Hallowe'en Reading - Nosy Crow Skip to content
Posted by Tom, October 30, 2011

Hallowe’en Reading

Between reading about Neil Gaiman’s inspired All Hallow’s Read idea, and finding our own Hubble Bubble, Granny Trouble in The Times’s holiday reading round-up, I simply couldn’t let the opportunity of Hallowe’en go by without a reading list.

Kate and I found this a harder theme to categorise properly than I’d expected, however. So much of children’s literature contains some magical and fantastical element that you can easily find yourself including everything – does Harry Potter count as Hallowe’en reading? How about Twilight, or indeed the entire romantic fantasy genre (for that matter, how about Small Blue Thing)? In the end we seem to have come to the conclusion that books for the holiday had to be, if not directly and obviously related (Pumpkin Soup, Gobbolino the Witch’s Cat) then at least a little bit “scary”.

That, of course, raises its own set of problems. Fear is a very subjective and personal emotion. How scary is too scary? At what age can you introduce children to scary stories? I happen to find The Moomins terrifying myself, but that doesn’t seem to be an often-shared reaction (and I don’t even know where I’d begin to try and explain it).

So, with that all in mind, here’s a good list to get started, covering different age groups, varying tolerances to spookiness, and absolutely NO Moomin trolls. We’d love to hear your suggestions – please leave comments below or write to us on Twitter here or here!

For very young readers:

Axels Scheffler’s Pip and Posy: The Scary Monster – this has a bit of a scary start and then a lovely happy ending, with cake and a picnic.
Hubble Bubble, Granny Trouble by Tracey Corderoy and Joe Berger – a heartwarming story all about learning to accept differences in people, with beautiful illustrations.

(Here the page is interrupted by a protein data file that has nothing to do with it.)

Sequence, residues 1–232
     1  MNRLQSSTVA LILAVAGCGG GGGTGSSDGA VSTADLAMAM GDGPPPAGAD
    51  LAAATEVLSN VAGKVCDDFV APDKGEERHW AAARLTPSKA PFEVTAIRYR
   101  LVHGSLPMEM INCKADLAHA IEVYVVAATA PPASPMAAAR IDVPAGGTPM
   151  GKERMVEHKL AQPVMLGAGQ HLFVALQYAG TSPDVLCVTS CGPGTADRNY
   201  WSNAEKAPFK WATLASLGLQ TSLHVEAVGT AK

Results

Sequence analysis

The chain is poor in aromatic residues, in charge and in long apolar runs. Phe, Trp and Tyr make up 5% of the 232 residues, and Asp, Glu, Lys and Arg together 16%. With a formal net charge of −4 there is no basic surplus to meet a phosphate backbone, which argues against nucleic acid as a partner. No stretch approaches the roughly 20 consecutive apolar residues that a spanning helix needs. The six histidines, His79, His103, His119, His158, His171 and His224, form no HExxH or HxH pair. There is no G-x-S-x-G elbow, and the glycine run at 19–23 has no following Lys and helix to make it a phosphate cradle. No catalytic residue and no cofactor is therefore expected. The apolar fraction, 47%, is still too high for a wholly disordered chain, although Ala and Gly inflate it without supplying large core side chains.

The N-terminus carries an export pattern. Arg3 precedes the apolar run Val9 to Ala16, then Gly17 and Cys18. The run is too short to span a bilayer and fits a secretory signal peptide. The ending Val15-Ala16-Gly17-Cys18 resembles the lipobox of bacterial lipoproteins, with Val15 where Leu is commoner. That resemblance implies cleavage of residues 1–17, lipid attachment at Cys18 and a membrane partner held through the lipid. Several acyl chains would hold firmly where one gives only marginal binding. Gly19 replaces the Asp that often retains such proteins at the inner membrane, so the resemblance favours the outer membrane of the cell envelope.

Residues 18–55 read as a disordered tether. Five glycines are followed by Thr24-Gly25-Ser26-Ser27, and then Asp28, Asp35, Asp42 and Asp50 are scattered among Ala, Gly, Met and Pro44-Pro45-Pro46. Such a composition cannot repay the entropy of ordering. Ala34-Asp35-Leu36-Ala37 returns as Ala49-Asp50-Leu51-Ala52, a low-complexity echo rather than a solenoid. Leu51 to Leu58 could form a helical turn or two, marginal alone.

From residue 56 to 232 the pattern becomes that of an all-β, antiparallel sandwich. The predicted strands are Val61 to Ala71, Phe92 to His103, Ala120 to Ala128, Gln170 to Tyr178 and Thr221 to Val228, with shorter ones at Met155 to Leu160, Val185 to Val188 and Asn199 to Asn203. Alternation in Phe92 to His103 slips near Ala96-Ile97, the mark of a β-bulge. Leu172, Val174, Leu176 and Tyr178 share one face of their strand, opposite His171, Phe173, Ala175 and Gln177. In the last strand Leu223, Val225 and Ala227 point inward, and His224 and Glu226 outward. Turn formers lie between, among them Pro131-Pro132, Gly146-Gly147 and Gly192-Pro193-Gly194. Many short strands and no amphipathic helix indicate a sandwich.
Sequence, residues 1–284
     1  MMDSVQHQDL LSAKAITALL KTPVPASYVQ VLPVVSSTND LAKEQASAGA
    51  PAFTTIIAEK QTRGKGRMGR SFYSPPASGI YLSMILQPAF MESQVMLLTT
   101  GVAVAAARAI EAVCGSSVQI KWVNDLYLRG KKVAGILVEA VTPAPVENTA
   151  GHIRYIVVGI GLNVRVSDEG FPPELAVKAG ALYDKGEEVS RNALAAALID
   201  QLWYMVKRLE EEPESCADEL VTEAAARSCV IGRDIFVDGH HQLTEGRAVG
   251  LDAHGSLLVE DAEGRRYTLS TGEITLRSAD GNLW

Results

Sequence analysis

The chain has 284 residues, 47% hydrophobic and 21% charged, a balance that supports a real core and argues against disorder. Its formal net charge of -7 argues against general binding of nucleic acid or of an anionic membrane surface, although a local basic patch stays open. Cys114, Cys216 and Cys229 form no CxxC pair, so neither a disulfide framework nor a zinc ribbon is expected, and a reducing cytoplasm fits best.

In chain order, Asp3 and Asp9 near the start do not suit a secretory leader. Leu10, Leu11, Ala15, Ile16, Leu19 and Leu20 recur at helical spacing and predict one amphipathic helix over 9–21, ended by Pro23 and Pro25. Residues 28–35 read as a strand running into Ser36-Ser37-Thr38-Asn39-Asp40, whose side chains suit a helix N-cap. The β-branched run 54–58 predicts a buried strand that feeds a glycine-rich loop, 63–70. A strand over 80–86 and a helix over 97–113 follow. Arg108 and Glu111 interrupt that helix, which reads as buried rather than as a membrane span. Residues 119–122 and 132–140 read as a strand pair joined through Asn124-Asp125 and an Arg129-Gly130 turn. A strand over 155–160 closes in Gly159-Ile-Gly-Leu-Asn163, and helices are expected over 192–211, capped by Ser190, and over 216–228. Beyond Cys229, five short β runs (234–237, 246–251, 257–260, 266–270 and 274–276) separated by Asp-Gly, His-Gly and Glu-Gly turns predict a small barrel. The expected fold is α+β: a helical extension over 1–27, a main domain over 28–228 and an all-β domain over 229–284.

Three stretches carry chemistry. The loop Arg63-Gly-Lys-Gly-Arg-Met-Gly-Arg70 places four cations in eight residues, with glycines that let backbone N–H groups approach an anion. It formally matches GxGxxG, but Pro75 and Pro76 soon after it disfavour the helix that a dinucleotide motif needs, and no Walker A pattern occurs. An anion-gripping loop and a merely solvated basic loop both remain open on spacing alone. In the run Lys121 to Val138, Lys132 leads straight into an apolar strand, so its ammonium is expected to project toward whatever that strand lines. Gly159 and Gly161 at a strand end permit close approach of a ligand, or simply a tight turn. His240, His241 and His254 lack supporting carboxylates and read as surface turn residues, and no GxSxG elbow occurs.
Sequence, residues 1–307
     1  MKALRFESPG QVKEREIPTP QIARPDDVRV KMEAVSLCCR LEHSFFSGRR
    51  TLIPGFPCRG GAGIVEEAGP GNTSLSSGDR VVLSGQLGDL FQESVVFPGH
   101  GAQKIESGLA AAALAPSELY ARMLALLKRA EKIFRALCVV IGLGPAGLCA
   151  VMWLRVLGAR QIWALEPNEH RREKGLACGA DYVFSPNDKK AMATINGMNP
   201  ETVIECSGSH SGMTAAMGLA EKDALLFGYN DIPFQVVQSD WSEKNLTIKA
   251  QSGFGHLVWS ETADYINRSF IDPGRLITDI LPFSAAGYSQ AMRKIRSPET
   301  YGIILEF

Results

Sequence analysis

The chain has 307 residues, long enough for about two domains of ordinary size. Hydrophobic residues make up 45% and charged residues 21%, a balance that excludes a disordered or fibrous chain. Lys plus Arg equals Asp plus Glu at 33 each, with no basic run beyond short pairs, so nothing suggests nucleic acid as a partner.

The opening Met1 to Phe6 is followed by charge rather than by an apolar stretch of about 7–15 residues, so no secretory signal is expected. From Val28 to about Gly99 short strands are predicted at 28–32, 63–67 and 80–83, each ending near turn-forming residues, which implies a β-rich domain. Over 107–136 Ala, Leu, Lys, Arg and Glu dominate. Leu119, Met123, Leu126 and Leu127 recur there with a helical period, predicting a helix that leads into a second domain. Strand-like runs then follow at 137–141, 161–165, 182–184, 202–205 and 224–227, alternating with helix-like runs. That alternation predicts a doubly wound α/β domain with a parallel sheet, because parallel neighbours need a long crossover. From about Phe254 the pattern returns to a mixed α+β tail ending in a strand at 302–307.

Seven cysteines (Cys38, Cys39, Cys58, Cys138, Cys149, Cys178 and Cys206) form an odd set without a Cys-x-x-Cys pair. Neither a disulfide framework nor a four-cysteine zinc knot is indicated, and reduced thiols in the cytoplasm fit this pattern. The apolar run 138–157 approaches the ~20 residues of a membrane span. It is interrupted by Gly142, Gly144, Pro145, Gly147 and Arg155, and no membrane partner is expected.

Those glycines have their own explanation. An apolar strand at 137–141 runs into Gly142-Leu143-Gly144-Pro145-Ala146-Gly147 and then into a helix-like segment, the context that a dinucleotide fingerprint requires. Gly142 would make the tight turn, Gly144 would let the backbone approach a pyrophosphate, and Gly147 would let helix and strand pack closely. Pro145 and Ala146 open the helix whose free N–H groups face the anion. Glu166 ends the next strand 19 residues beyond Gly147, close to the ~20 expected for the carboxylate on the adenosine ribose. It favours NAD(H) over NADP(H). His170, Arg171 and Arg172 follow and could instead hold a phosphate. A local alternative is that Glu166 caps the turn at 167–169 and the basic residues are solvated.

Funnybones by Janet and Allan Ahlberg – a bona fide classic.
Room on the Broom – by an artistic pairing who give the Ahlbergs a run for their money, children’s laureate Julia Donaldson and Axel Scheffler.
Jan Pienkowski and Helen Nicoll’s Meg and Mog.

Then, for early and slightly more confident readers:

Mega Mash-Up: Pirates v Ancient Egyptians in a Haunted Museum by Tim Wesson and Nikalas Catlow – not too scary, but full of mummies and bloodthirsty pirates.
Coraline, by Neil Gaimain – an incredibly written, properly eerie story, which takes the conventions of Alice’s Adventures in Wonderland and twists them beautifully to fit a horror genre.
Roald Dahl’s The Witches – certainly the scariest book I’ve ever read (I could never get past the bit where the Grand High Witch takes off her mask).
The Worst Witch by Jill Murphy.
Goosebumps by R.L Stine.
The Owl Service by Alan Garner.
Skulduggery Pleasant by Derek Landy.

And for older readers who can handle slightly more difficult books:

The Strange Case of Dr. Jekyll and Mr. Hyde by Robert Louis Stevenson.
Frankenstein: Or, the Modern Prometheus by Mary Shelley.
The Hound of the Baskervilles by Arthur Conan Doyle.
The Prince of Mist by Carlos Ruiz Zafon.

See more: